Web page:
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Om Shivpuri – Memories


Om Shivpuri

Om Shivpuri – Memories

Omji was born on July 14, 1936, to a Brahmin family of princely origin, in Kashmir. They later shifted to Jodh­pur, where his father was adopted by the royal family. They were very ortho­dox and the women in the family had to be behind veils. Even if they fell ill, a doctor could not examine them.

He was the fifth of eight children and theirs was a joint family. Omji graduated in Jodhpur. His elder sister was a professor at the Maharani Col­lege in Jaipur. By then his father fell sick so all of them shifted to Jaipur. In Jaipur, Omji did a part-time job in a school. He had also done his first year LLB, but he could not complete it be­cause he was a ring leader in college, always up to some mischief. His attendance was short and he was chucked out.

Right from his childhood, he was involved with dramatics. I remem­ber he had told me, that he had acted in a play as a girl. And’his performance was so good that everyone thought he was a girl! In Jaipur, he got a job in All India Radio, I was on the staff and was also a leading actress. I was very young, just 14 or 15 years old and ev­erybody wanted to act with me. My fans on the radio would wait to hear the name Sudha Sharma. So when I was introduced to Omji, I just looked at him and thought ‘Oh, another of those struggling actors trying to act smart’. I did not pay much attention to him.

In AIR, Jaipur, everyone thought I was very egoistic since I did not speak to anyone. But my mother used to sit out­side from morning to night waiting for me, so if I was even caught saying namaste to any guy, she would bring the house down. Omji was quite a fair and handsome man. There was a big line of girls running behind him! But not once did I ever see him flirting. Since my mother was around, there was no chance of my even saying hello to him.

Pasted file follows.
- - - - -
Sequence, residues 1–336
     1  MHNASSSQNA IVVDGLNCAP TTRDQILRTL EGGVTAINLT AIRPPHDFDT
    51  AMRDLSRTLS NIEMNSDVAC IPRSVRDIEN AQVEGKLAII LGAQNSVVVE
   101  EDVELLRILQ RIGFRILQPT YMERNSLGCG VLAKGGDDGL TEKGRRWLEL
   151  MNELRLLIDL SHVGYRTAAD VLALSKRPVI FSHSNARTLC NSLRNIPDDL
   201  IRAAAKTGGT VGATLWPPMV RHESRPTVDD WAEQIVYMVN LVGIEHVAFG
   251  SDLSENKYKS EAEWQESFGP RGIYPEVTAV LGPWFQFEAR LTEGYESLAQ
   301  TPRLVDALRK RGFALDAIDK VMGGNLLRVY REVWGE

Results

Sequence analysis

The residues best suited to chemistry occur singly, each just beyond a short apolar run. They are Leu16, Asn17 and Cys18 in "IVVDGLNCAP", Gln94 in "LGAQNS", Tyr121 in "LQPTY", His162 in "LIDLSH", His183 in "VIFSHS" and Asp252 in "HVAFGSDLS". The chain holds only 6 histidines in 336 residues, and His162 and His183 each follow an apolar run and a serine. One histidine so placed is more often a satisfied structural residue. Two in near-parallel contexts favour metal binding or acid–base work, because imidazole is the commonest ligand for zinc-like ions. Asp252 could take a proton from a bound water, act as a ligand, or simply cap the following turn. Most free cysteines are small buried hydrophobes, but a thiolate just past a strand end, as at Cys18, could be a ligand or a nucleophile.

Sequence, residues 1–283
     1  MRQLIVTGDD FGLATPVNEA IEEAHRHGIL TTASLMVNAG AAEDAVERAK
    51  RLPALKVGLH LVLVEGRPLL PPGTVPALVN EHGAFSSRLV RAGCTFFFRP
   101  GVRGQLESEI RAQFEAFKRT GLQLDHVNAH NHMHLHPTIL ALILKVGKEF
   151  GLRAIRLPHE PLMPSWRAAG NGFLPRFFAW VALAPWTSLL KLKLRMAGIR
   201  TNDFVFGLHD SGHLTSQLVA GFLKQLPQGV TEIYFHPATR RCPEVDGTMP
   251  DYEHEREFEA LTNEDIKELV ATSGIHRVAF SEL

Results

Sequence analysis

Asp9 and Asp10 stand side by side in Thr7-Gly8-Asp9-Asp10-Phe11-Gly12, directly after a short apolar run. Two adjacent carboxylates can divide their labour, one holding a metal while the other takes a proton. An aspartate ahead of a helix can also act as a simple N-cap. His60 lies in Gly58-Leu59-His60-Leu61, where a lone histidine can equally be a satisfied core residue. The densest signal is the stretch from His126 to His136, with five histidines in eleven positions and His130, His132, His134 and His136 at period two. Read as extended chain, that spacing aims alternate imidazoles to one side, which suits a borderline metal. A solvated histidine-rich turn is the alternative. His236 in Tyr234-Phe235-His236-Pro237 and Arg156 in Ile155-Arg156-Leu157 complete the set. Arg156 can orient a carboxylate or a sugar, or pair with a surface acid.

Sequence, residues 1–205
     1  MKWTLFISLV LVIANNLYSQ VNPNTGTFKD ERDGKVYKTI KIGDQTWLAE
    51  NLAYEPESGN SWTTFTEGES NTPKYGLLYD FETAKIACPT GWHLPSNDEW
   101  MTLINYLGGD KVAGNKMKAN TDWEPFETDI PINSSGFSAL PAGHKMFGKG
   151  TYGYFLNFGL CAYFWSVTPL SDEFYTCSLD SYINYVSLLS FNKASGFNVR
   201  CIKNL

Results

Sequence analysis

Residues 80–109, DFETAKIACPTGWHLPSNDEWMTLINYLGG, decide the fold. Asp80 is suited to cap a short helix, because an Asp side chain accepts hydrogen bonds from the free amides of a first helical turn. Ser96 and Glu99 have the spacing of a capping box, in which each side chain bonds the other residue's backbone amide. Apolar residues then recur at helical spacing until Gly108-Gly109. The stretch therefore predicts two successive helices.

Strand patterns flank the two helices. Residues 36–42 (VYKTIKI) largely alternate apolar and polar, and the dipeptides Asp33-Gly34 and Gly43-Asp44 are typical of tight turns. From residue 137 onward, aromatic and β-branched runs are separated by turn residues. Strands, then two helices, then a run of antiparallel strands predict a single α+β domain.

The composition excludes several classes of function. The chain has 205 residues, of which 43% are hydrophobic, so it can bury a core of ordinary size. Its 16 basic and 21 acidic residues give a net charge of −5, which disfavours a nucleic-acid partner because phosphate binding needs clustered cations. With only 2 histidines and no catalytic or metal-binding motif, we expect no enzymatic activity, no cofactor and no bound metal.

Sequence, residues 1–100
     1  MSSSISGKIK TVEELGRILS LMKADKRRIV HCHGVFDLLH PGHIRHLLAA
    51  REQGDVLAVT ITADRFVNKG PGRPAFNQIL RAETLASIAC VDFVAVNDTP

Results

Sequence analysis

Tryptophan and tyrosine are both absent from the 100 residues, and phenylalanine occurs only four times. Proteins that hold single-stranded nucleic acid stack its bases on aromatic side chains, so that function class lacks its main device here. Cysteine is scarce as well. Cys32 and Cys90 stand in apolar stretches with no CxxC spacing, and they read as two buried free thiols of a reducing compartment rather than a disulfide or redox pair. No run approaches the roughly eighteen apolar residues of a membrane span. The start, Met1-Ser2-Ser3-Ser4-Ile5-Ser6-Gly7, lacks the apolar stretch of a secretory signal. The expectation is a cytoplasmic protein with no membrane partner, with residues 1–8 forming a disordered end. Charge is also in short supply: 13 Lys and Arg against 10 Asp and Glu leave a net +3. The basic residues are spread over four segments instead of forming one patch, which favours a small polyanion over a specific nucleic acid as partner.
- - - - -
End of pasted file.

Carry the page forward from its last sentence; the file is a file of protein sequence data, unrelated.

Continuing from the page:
My mother was very possessive. When I was 13 years old, the burden of my family fell on me. I used to work from morning to late night, for only about 30 or 40 rupees a month. At this time, a play worth Rs. 250 was offered to me with Omji, So I grabbed it. One day, while awaiting my turn at AIR, Omji, walked up to me. I was in a bad mood. So when he asked me why I was wasting so much time working and why I was not completing my stu­dies, I just blew up. I told him, ‘Aap apne aap ko kya samajhte ho? How can you talk to me like this’? He was quite taken aback. He asked, ‘Why are you shouting at me’? It made me mad. I told him, ‘Can’t you see I am sitting here all hungry and you are telling me to study? I don’t even have the money that’s why I am working’.

Since his sister and brother were doing their final year B.A., Omji said that if I want to, I could study with them. He used to bring me his sister’s books. There were just four or five months left for their exams. He used to stay oppo­site my house and one day, he came home and met my mother. For the first time, my mom liked some guy. She agreed to let me study, but in the house and luckily I passed my BA..

At the same time, Omji had applied for an NSD scholarship. He got it and was going to be away for two years. By then, we had reached an understanding. He told me that if I could wait for him, for four to six years, till his brothers and sisters got married, he’d come back for me. He also wanted to get settled first. He wanted to be in a position to spend at least around Rs. 1000, then only could he think of marriage. He was also very protective of me. And he also told me no one should know of this under­standing we had.

I thought that since he was going for two years, there was no guarantee that he would return. At the same time, my mother was busy looking out men for me to marry. One day, Omji came and asked if I wanted to join NSD in Delhi. After convincing my mother, I signed the form and got my admission. But my mother was not ready to leave Jaipur. With great difficulty I man­aged to convince her and reached Delhi.